We see this in our daily life. When a single part of our body hurts; let say an ear, it affects the entire body. And we must go to see a doctor for treatment, so that not only that ear, but the whole body feels well again. That’s how important each person is in the life of the church of Christ. Considering the congregation, there are several different services that need to be provided.  As much as ushering is important to the life of the church, we all cannot be ushers, or choir, or Sunday school teachers, or lectors, but some of us need to be attendants in the nursery.

This is because not all have the same gifts, or the same interest or passion.  Some of us are passionate about going out and serving our seniors at the nursing homes, while others are passionate about serving in missions. What are you passionate about in the church? There can be no bystander.

Every ministry we provide in the church is important. They help to deepen our faith and influence our actions. But beyond that, they are intended to serve a purpose, and that purpose is to reach out in our community and share the love of Christ.  One important means by which we share God’s love is service. Service through deeds of kindness is a very powerful way to reach people with God’s love. It is becoming a powerful means of evangelism (spreading and sharing the good news of Jesus Christ with others).

Steve Sjogren shares a practical and powerful example of this in his book, Conspiracy of Kindness.

He writes, Joe and Jared pulled into the free car wash that our church was holding as part of our outreach into the community on that Saturday morning.

 “How much?” Joe asked as he neared the line of buckets, sponges and hoses. “It’s free,” I told him. “No strings attached.” “Really!” Joe exclaimed. He seemed intrigued with the idea of getting something for nothing. “But why are you doing this?” “We just want to show you God’s love in a practical way.” Joe’s heart. The look on his face was incredible. “Wait a minute!” he practically shouted. “Are you guys Christians?” “Yeah., we are Christians,” I replied. Let’s leave the story here.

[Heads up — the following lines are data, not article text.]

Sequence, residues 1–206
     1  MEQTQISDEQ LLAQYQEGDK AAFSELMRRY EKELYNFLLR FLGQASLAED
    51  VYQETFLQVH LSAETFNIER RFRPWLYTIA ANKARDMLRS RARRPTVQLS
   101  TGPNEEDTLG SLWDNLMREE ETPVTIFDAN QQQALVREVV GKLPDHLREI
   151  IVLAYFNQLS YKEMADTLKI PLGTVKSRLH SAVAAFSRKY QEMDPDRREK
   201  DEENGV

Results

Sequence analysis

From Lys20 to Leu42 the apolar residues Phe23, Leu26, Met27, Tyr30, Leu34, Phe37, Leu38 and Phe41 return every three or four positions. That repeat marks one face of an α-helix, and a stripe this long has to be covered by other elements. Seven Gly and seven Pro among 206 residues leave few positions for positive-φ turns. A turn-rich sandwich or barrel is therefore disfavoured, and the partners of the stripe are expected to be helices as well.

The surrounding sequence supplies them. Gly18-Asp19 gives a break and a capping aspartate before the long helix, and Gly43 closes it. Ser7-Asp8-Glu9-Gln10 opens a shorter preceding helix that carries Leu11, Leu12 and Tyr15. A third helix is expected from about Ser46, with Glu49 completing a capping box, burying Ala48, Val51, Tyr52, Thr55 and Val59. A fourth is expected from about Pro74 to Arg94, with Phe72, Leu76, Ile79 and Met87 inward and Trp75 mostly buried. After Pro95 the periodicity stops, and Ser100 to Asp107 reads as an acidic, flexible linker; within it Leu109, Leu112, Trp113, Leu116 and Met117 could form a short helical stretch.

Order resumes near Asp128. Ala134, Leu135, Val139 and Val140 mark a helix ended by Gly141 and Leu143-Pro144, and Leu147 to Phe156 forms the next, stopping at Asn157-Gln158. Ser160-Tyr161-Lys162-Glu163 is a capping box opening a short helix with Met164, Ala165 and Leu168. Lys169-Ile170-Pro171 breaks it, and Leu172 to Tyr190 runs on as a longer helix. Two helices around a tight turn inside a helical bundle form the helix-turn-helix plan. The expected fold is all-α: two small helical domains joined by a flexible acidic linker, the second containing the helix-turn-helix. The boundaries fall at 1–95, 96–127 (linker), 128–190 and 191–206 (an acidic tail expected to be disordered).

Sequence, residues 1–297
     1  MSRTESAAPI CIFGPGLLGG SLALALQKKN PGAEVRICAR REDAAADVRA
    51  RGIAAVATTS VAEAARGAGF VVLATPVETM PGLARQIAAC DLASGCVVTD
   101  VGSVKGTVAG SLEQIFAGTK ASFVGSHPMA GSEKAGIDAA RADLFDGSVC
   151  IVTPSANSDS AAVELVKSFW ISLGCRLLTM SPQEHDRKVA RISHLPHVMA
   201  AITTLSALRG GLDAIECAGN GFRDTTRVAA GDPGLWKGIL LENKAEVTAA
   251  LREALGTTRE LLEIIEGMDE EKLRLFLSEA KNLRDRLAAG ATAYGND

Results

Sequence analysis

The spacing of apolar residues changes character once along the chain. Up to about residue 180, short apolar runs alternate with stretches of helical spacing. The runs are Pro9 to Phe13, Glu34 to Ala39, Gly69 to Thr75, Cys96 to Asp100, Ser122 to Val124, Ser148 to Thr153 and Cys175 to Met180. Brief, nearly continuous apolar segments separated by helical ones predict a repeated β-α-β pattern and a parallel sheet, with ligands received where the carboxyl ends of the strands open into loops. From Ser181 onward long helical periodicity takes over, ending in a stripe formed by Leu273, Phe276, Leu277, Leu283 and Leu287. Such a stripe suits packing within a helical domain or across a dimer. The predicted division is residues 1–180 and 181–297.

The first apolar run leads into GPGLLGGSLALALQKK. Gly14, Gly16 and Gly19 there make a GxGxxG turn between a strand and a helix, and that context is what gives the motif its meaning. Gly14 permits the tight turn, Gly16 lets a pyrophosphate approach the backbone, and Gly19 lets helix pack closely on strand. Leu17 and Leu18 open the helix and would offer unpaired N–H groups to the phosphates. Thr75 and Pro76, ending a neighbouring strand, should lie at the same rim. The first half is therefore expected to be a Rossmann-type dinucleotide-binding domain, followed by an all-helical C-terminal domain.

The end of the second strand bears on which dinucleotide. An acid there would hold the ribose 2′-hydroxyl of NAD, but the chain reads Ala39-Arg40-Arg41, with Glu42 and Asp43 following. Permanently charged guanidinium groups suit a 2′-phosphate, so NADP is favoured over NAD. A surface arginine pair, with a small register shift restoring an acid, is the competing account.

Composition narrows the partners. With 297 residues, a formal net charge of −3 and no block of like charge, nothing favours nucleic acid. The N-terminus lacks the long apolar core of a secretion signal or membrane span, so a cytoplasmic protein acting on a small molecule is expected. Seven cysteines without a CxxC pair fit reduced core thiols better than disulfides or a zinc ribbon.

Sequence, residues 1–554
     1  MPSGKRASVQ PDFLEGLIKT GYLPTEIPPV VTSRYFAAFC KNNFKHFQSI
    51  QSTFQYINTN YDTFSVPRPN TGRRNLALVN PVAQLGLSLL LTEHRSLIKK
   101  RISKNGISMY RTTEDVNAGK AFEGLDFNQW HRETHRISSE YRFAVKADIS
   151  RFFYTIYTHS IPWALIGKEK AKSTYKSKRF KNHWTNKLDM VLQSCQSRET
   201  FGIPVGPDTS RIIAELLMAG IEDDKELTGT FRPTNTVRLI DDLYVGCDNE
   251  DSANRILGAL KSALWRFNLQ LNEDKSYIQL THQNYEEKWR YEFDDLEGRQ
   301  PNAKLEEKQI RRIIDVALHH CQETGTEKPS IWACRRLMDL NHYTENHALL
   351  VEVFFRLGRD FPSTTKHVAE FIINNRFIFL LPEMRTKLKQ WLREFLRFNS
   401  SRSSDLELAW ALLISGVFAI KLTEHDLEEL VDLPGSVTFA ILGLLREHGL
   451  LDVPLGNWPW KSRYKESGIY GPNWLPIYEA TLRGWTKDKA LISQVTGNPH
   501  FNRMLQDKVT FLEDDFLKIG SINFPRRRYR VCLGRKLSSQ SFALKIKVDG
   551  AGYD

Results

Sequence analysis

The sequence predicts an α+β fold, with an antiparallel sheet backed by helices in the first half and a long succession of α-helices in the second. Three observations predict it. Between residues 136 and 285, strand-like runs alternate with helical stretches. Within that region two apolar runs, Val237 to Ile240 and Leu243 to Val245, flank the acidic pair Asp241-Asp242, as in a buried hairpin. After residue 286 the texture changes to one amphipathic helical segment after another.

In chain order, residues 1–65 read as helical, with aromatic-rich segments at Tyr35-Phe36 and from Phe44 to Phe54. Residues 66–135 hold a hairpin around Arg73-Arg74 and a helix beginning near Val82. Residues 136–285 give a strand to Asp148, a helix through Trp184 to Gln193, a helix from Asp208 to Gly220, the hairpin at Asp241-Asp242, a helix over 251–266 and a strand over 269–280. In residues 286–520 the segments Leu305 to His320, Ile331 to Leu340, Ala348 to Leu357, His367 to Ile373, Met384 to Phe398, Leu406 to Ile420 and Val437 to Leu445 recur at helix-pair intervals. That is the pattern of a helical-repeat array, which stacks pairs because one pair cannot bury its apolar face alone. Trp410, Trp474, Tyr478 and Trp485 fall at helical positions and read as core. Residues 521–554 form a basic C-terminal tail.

But I want you to imagine loading our rakes and bags into pickup trucks and going out to rake the leaves in people’s yard free on a Fall Saturday or showing up at the middle school on a Friday to park the Miner Packs free. Imagine that!

Steve states, “Free service in the Christ offers a picture of the grace of God, a priceless gift that can never be repaid.” And this is the powerful message we covey as a church when we share the free gift of God’s love in this way. God is looking up to you and me to go out and make disciples by sharing his love.

James A. Harnish states in these words, “I am confident that the almighty is fully capable of saving, redeeming and setting right everything that has gone wrong in this world by God’s owns power. I’m sure that God’s kingdom could come, and God’s will could be done on earth sorely by God’s own power. But God chooses to bring that kingdom to reality through the gifts and energies of ordinary folks such as you and me.” Are you willing? And are you ready?

Church, God calls us to reach out into our neighborhoods, and make disciples by proclaiming his love. And we can do that through our free acts of service to a needy world.

As I close, let me borrow Steve’s words as my conclusion. “It seems people don’t necessarily remember what they are told of God’s love, but they never forget what they have experienced of God’s love.

This is the life of service that marks the disciple’s path. May you continue on it.

God bless you